Lincoln in the Bardo by George Saunders
(Bloomsbury), Pp. 343
Although George Saunders is considered a champion of the American short story, this is his first novel. It is daring in form and subject and it won the 2017 Booker Prize. The bardo of the title is a transitional realm in Tibetan tradition where spirits mingle. From here they will either ascend to Nirvana and escape human suffering, or fall back through a series of increasingly wild and scary hallucinations until they are born again into a new body. The Lincoln of the title is either President Abraham or his son, Willie, who died of typhoid fever in 1862. The boy is interred in a Georgetown cemetery and his distraught father visits the crypt alone several times to hold his son’s body. From these slim facts Saunders embroiders a story of fantastic hyperrealism dealing with grief and loss and moments of bawdy humour.
The graveyard is populated with characters from many different eras and circumstances with a strong sense of Rabelaisian machismo; like Dantesque damned souls the spirits manifest with hideous deformities that relate to their erstwhile lives. The spirits refuse to use the word ‘dead’ and believe they are merely unwell or in a sick-box (coffin), fiercely resisting the urge to move on.
Narrated through multiple voices, the novel offers differing opinions on the same thing. Some of the quotes are from characters in the bardo; others come from books and newspapers and we cannot believe any of the accounts, no matter how scholarly they appear with their references and footnotes. On the night of a party in which Lincoln’s son became feverish, none of the eyewitnesses can agree on the presence, size, shape or colour of the moon. Similarly the colour of Lincoln’s eyes varies according to each description. These differing viewpoints extend to his involvement in the war: is he “an idiot”, “weak and vain”, a “tyrant” with speeches that “have fallen like a wet blanket”? Or is he one of the greatest presidents the US has ever known? We see what we want to see, and memory is unreliable. Saunders suggests that history is constantly reinterpreted, and portents and patterns only appear retrospectively.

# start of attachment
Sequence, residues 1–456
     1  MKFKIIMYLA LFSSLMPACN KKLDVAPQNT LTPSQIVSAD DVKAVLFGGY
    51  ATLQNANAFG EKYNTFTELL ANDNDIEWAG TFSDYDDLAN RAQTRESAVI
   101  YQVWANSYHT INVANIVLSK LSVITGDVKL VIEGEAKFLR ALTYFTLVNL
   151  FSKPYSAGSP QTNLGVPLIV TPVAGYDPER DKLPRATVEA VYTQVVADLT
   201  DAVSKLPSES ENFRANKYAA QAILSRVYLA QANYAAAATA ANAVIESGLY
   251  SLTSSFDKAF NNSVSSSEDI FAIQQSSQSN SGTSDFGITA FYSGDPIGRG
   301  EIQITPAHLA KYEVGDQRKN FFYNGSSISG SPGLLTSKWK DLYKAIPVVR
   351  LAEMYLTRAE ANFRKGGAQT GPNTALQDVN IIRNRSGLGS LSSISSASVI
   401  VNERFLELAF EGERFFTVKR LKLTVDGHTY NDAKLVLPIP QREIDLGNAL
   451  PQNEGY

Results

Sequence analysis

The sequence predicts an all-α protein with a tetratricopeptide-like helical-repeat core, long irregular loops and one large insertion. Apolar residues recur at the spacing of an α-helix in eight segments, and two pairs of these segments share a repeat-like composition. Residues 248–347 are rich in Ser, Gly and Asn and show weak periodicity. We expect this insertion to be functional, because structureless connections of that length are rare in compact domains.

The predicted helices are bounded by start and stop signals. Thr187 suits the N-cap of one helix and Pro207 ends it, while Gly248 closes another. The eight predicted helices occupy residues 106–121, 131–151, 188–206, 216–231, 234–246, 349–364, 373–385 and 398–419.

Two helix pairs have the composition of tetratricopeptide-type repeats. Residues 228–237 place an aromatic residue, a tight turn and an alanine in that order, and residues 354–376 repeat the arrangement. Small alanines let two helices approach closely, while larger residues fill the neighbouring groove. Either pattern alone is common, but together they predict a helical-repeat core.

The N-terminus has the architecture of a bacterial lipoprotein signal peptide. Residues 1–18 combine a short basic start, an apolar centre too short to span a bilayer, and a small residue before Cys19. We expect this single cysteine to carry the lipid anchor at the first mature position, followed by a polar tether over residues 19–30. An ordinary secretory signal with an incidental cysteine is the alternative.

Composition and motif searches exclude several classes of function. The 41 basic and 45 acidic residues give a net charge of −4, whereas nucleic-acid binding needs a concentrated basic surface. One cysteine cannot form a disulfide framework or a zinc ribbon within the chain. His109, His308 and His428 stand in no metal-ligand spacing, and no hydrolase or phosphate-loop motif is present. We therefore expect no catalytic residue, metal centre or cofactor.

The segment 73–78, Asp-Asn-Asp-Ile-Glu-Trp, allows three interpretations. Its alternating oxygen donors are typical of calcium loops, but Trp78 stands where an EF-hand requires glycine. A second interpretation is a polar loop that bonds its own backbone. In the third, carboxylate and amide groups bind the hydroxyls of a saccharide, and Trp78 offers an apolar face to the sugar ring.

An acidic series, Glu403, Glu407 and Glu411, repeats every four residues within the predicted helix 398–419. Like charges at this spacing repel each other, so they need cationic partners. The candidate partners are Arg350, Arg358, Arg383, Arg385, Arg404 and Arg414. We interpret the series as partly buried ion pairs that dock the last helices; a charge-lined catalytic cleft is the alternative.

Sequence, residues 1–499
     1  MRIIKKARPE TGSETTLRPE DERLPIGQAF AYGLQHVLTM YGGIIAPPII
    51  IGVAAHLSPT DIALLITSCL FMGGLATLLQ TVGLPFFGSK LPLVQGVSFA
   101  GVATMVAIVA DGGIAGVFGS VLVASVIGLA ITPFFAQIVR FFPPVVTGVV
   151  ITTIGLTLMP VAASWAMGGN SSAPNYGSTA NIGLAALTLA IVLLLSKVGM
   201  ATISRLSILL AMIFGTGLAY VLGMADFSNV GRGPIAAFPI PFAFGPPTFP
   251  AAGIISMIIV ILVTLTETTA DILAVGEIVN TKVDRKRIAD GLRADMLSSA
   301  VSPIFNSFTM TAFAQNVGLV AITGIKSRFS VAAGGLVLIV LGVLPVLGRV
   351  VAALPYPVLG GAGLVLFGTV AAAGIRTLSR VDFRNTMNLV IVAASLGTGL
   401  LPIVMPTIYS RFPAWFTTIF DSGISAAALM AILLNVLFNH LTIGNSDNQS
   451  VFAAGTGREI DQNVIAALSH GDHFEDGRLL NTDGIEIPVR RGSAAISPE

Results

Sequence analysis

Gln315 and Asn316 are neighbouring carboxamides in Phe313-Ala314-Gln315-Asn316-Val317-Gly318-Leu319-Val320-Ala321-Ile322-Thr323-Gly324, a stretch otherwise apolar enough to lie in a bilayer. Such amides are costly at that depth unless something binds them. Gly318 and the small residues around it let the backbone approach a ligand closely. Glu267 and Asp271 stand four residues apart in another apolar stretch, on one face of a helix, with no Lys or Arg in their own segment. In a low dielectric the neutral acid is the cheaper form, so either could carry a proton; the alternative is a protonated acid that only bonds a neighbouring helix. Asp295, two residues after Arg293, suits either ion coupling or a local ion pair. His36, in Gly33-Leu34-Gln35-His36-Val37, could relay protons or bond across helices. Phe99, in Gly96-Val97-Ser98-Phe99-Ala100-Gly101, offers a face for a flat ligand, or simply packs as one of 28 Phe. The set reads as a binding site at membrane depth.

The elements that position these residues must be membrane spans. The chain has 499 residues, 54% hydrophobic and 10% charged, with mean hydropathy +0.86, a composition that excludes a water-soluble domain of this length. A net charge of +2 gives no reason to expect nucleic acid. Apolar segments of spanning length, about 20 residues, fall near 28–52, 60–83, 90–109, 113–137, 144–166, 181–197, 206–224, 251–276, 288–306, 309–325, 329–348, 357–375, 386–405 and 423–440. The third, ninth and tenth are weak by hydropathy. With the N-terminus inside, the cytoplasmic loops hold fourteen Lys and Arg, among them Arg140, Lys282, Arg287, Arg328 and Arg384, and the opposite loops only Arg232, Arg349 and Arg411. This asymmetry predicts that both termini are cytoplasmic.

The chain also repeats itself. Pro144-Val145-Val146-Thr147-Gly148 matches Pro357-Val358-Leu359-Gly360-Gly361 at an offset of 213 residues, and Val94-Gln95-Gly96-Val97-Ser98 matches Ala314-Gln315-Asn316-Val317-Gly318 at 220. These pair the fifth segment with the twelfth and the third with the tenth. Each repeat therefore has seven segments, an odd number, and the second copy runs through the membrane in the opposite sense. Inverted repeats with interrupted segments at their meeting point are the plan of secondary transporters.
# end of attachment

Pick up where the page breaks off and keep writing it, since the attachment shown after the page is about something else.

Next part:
The voices become a cacophony, bickering like characters in a Beckett play and retelling old tales. Saunders had originally conceived these grave-bound scenes as a play and they remain entirely rendered in speech as the narration is handed from voice to voice. We are guided through this bardo by a Greek chorus with three main narrators: Hans Vollman, a man who was about to finally consummate his marriage when he was hit on the head and so has a large erection; Roger Bevins III, a man who slit his wrists over his homosexual lover and then realised he had made a mistake as he lay bleeding on the floor, and the Reverend Everly Thomas, a man who managed to get to the Final Judgement but was sent to Hell and so ran away back here as a sort of waiting room to try and work out what he done that was so bad.
The young are not meant to tarry here, and if they do they get subsumed by Gothic-style creepers that bind them. Our heroes try and persuade Lincoln to let his boy go so that he will not have to succumb to this fate. If the deceased has truly gone to a better place, why do we grieve? We grieve for ourselves; not for the departed, and the way we remember someone after their death is not necessarily the way they really were in life. We are all in a constant state of flux from dreams to wakefulness, from life to death, and perhaps beyond. Lincoln realises that nothing is permanent.
Before people leave the bardo they flicker through all their incarnations; the people they have been but also the possibilities they have not been – their future-forms they had never alas succeeded in attaining. Every time a person leaves, the same sentence is repeated like a stanza an epic poem: “Then came the familiar, yet always bone-chilling, firesound associated with the matterlightblooming phenomenon.” Many resist this phenomenon and cling to the earth, but they cannot leave the cemetery into which they are penned by a “dreaded iron fence” which recalls something out of The Walking Dead.